In the Mix
Interior Design: The Legends
Design connoisseur Daniella Ohad’s forthcoming talks program for AIA New York brings together top interior designers from around the world
For the past five years, New York-based design historian and connoisseur Daniella Ohad has been sharing her deep expertise with the public through talks programs that explore the subject of collecting design. Regular readers of Design Miami’s digital magazine, The Forum, will have seen her column, Collecting Design, which to date has recapped her most recent talks with major players in the collectible design world like Simon de Pury, Ben Brown, and Michael Boyd.
For Ohad’s forthcoming program, she’s broadening her focus. Starting in October, her Interior Design: The Legends program, presented in partnership with AIA New York and ASID New York, will offer the public a rare glimpse into the mindsets of some of the world’s most influential interior designers. Think India Mahdavi, Pierre Yovanovitch, Jacques Grange, and more.
The Forum will continue to benefit from Ohad’s public programs, as she will write weekly recaps of her one-on-one conversations with her amazing roster of interior designers. With much anticipation, we reached out to Ohad to see what she has in store for us.
How did your passion for and expertise in design develop?
My passion for design and aesthetics developed at an early age. Originally from Europe, my family fled the Nazi regimes there and settled in Palestine before the foundation of the State of Israell. My grandmother had great taste and the most beautiful house—a modernist villa built on Mount Carmel in Haifa. In the early 1950s, when many German immigrants wanted to get rid of their old furniture, she bought it all and furnished her home exclusively with Biedermeier.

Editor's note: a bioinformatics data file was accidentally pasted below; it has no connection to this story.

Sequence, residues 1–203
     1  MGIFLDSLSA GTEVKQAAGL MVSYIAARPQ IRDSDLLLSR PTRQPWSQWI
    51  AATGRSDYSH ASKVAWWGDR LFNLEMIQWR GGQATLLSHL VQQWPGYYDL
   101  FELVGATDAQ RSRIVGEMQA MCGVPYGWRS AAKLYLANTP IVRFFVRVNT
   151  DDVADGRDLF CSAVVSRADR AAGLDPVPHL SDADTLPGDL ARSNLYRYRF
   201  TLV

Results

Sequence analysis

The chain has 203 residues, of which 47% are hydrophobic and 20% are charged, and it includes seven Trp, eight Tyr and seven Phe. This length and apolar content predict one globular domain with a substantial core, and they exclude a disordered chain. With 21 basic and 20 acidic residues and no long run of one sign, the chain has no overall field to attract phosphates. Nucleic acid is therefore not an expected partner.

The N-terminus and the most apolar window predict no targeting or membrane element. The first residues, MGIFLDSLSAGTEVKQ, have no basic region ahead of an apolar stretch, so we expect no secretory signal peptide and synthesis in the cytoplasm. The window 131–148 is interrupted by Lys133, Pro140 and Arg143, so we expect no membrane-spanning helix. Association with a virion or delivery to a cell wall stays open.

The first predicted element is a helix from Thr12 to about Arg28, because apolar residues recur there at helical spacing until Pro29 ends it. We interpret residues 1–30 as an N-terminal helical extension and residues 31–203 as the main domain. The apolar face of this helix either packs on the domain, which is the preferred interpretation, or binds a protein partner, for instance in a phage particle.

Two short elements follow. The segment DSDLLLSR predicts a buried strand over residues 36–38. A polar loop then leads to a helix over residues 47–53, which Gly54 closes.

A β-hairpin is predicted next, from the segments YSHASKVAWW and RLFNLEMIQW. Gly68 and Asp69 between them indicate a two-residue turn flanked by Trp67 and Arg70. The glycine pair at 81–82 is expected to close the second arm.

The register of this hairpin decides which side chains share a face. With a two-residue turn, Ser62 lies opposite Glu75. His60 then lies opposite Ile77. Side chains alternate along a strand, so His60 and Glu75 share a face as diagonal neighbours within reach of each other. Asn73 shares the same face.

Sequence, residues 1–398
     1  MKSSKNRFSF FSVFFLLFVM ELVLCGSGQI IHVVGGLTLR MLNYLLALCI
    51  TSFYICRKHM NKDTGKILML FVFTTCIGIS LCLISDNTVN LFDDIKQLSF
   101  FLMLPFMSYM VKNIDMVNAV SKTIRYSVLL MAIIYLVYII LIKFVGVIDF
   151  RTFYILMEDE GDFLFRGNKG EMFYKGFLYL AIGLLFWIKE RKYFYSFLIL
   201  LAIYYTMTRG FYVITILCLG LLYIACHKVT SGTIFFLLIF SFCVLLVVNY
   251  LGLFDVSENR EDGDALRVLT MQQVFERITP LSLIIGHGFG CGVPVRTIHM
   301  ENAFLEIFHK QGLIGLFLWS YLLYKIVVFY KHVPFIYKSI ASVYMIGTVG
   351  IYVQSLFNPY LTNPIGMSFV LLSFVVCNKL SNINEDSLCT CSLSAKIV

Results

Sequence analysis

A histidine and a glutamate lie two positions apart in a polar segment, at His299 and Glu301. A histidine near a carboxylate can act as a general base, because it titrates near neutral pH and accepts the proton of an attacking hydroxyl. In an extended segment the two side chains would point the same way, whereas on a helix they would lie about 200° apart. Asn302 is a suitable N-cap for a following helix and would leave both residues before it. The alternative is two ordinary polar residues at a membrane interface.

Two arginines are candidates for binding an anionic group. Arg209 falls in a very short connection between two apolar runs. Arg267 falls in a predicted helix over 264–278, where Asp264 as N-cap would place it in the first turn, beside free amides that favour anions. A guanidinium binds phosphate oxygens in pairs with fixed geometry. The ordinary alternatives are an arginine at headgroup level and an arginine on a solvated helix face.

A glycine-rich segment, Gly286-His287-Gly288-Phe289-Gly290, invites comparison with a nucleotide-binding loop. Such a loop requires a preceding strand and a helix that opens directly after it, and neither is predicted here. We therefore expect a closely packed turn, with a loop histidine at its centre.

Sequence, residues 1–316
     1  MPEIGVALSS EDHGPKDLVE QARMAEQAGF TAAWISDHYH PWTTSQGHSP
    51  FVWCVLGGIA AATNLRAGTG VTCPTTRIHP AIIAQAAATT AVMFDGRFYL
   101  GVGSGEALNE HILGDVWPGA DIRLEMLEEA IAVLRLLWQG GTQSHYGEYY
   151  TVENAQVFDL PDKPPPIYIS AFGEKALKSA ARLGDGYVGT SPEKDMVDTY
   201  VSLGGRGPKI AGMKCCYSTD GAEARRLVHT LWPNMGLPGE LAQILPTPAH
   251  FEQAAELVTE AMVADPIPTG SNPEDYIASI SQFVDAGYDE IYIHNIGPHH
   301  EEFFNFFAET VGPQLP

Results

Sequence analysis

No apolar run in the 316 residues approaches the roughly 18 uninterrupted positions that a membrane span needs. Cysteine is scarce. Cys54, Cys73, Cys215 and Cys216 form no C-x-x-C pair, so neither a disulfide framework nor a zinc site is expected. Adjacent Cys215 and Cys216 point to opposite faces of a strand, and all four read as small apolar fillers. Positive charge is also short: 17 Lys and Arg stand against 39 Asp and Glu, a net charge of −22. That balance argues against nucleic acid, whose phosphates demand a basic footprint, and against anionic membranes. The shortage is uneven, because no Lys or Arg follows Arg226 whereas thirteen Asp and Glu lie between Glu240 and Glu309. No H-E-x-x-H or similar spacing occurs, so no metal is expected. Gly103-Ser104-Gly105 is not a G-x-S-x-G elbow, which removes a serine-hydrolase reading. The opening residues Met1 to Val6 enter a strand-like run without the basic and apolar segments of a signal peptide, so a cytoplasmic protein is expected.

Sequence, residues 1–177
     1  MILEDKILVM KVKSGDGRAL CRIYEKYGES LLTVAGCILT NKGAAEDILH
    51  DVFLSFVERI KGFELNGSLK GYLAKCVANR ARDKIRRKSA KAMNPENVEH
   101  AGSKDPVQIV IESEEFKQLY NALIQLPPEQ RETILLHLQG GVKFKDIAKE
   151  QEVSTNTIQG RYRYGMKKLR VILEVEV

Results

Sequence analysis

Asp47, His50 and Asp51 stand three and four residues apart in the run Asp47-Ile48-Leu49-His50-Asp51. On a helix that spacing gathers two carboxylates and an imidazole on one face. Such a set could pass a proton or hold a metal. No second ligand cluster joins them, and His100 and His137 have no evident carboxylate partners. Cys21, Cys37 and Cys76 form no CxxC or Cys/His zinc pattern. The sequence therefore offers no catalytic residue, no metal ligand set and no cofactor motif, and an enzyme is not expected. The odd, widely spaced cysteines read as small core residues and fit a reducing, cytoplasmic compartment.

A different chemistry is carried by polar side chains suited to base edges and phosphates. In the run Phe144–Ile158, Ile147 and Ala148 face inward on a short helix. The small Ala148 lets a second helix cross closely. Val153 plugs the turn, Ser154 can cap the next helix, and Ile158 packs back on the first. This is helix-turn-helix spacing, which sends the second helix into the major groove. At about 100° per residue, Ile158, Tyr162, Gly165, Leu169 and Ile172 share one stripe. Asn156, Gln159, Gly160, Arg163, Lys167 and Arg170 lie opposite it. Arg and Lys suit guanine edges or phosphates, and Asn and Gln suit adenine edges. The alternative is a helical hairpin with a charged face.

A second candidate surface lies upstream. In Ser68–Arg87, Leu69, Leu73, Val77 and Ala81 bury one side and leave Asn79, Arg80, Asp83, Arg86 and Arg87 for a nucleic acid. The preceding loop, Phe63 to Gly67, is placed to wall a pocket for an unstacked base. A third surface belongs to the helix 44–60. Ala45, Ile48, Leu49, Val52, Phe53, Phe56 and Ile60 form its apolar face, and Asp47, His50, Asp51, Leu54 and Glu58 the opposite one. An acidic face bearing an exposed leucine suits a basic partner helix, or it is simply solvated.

It is in my grandmother's home that I first realized the power of great design to transform life. At that time, I did not know that one day I would earn a PhD from the Bard Graduate Center for Studies in the Decorative Arts, Design, and Culture; that I would go on to devote my life to education in design culture, spaces, objects, buildings, and taste.
What inspired you to share your expertise with others?
I am a natural teacher. When you are committed to education, you want to learn in order to transfer this knowledge to others. I learn something new everyday, and it is rewarding. It is like collecting—you live with and preserve objects because one day they will have other homes.
I am a believer in the idea that sometimes in life—not often—you come to intersections that present opportunities that can shape your life, if you know how to recognize them. This happened to me on my first day of college at Tel Aviv University, in a class taught by Israeli philosophy professor Asa Kasher called The Meaning of Life.
Kasher said that all of us have the power to design our own lives and to give them purpose and meaning. There is life, and then there is life of significance. It was a turning point in my thinking. Teaching became my path to life of significance; my contribution to making the world a better place.